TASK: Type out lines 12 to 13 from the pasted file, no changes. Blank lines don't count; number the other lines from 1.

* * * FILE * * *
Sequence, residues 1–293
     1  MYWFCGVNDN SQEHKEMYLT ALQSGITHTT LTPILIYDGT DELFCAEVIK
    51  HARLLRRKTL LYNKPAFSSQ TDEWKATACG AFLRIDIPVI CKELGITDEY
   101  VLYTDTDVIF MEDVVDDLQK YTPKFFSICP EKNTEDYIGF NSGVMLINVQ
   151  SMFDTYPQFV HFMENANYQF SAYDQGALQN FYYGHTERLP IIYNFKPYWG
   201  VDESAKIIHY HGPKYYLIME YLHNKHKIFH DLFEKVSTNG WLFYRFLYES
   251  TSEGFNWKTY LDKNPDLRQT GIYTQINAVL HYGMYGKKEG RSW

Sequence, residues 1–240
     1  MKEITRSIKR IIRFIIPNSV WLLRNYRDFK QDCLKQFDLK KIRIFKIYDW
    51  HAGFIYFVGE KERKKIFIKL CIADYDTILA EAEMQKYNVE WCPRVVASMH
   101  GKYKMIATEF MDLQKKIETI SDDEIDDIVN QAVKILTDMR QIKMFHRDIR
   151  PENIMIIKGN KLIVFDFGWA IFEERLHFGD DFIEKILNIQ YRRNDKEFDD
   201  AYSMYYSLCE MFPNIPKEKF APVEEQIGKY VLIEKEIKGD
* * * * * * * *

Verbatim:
   151  PENIMIIKGN KLIVFDFGWA IFEERLHFGD DFIEKILNIQ YRRNDKEFDD
   201  AYSMYYSLCE MFPNIPKEKF APVEEQIGKY VLIEKEIKGD